For this week's online essay, go read Stephen Prothero's Belief Unbracketed: A Case for the Religion Scholar to Reveal More of Where He or She Is Coming From, posted at the Harvard Divinity School website. Hint: it's short, twenty modern paragraphs (that's about five 18th-century paragraphs; we're less patient than our ancestors). Prothero, of course, is the author of American Jesus: How the Son of God Became a National Icon (2003), a penetrating work of religious cultural history that I read about half of two years ago over Christmas vacation and that I fully intend to finish someday. And I was just getting to the good part ...
Prothero has also set up a blog. Of course, it's more like a personal advertisement than an actual walking, talking blog. I guess when you get famous enough, you don't blog: you hire someone to blog for you. Or maybe it's just that once you write a couple of books, life becomes a never-ending exercise in book promotion. One ceases to be simply a person with a name and becomes a walking blurb whose name cannot be mentioned without being paired with the most recent publication: "Stephen Prothero is the Chair of the Department of Religion at Boston University and the author of numerous books, most recently American Jesus: How the Son of God Became a National Icon (Farrar, Straus & Giroux, 2003) and Religious Literacy: What Americans Need to Know (HarperSanFrancisco, forthcoming in February 2007)." [This from the "About" tab on his blog.]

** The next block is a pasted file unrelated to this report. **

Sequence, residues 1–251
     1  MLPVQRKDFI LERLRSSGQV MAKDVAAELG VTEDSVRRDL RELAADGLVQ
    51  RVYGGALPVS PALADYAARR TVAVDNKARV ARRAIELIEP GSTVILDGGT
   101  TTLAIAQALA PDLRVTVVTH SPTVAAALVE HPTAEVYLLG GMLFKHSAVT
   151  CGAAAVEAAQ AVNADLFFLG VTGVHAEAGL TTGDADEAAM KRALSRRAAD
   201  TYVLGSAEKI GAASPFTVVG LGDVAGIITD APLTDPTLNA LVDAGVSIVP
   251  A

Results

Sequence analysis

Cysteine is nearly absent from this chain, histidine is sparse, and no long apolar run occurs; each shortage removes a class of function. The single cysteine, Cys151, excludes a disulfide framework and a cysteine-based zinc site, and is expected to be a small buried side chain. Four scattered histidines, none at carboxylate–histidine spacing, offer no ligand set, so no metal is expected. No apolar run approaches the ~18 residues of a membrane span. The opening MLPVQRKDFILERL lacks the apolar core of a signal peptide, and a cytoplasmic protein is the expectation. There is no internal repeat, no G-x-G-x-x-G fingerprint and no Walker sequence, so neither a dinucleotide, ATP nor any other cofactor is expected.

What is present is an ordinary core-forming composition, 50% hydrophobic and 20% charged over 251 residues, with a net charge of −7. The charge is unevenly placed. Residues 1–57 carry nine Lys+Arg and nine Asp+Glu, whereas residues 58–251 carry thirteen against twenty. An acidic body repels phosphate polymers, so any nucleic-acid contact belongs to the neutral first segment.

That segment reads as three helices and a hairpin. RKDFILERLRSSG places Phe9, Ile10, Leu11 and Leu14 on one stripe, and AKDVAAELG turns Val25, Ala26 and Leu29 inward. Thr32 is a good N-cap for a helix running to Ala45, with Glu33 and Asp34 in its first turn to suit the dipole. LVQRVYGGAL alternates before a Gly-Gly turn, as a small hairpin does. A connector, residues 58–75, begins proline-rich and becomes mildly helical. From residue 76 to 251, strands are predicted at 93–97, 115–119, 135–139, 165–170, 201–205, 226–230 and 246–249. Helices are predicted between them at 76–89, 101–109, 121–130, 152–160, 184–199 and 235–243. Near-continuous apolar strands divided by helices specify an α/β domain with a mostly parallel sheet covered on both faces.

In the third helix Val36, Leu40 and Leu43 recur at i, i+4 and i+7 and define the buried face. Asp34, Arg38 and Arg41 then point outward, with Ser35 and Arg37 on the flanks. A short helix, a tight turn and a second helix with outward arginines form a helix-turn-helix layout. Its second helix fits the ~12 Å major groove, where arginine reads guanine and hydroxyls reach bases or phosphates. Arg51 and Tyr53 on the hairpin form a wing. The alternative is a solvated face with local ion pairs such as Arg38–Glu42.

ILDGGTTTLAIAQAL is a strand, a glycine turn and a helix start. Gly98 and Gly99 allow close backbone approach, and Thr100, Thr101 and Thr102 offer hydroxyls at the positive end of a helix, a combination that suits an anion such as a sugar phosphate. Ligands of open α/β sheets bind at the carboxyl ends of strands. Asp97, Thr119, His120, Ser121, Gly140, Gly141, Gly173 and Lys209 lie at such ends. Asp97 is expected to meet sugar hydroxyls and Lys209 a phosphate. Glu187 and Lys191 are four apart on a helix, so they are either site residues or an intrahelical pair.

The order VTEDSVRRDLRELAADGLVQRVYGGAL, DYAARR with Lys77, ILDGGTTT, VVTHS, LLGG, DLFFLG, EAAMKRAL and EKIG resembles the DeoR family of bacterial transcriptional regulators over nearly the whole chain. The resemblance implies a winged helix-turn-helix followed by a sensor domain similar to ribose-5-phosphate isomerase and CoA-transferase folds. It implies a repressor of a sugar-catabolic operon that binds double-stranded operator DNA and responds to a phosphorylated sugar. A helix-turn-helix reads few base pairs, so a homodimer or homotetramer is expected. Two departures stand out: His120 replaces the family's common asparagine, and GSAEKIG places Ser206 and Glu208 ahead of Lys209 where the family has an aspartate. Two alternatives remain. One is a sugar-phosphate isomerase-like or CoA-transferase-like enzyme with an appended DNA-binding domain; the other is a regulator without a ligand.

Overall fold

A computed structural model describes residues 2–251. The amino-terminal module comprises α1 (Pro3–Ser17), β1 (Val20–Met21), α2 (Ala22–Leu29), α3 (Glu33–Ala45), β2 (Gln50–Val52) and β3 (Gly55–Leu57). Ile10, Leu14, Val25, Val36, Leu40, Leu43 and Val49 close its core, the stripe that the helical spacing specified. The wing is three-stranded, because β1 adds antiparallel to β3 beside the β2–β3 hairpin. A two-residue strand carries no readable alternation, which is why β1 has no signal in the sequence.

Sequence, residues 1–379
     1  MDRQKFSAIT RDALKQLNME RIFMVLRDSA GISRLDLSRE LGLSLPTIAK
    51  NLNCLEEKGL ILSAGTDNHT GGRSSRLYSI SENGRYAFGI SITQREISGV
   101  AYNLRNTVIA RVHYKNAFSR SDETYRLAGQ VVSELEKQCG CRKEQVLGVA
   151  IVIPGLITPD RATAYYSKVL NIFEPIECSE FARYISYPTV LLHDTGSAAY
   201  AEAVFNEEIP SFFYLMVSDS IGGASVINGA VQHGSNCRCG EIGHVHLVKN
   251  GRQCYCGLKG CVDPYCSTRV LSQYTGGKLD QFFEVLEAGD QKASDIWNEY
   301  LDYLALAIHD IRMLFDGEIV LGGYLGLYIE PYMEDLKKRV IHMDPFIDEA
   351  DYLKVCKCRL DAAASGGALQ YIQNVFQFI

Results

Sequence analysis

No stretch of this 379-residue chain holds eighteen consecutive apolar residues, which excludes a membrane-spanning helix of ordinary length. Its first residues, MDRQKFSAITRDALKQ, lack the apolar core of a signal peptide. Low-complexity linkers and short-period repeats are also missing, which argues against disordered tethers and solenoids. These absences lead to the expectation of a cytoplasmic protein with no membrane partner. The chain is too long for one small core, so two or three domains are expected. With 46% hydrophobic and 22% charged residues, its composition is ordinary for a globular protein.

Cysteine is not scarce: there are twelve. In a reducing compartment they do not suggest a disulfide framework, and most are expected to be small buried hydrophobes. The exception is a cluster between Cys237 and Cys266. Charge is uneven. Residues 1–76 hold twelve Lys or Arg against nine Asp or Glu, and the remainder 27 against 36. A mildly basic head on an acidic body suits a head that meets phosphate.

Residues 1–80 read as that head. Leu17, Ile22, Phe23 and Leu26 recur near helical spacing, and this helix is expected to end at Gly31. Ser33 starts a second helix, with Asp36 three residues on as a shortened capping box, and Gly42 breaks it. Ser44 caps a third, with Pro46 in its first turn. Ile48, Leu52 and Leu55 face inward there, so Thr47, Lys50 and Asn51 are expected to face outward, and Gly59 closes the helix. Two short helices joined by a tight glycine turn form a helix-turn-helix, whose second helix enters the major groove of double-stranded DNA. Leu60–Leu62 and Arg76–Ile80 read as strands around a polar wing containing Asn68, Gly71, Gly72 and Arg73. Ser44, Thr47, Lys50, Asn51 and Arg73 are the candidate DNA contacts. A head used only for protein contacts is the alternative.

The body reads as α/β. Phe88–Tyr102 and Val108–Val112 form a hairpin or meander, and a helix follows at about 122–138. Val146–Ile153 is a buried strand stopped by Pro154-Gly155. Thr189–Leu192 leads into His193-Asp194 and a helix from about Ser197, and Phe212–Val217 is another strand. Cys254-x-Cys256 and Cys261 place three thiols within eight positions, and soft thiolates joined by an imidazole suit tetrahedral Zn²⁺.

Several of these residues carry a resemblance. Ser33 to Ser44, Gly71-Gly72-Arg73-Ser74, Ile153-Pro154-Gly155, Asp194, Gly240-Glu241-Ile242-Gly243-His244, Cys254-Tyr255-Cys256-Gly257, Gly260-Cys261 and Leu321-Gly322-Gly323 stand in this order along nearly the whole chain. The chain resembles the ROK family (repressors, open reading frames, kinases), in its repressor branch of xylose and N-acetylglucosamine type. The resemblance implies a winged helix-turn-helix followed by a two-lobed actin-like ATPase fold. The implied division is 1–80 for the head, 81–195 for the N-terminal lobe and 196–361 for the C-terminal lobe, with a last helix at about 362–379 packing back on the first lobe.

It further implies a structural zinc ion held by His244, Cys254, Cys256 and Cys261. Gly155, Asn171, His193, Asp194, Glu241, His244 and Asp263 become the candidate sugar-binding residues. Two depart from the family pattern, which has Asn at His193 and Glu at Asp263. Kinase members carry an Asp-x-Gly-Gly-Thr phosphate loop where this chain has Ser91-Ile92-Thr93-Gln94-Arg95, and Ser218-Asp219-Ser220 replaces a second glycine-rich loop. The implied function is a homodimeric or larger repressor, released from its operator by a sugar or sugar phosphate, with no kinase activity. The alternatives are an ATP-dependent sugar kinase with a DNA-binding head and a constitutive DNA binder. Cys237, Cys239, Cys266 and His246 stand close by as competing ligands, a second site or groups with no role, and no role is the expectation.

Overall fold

Well, perhaps I'm being unfair. Anyone who writes a book or two tends to display them rather prominently on their right sidebar. I guess I'm just amused by a "blog" with no posts and no comments. Did I mention he writes fine books? He's got a new one coming out in a couple of weeks, entitled Religious Literacy. Click here to buy it. (If you can't promote your own books, promote someone else's.)
Now, about that essay ... Prothero critiques "bracketing": "For more than a century, scholars of religion have been distinguishing themselves from theologians by attempting to bracket questions of truth, morality, and causality—all in the name of better understanding religious phenomena." After ten short paragraphs, he concludes, "If we really want to resuscitate religion as a moral enterprise, make bracketing a temporary strategy rather than an eternal imperative."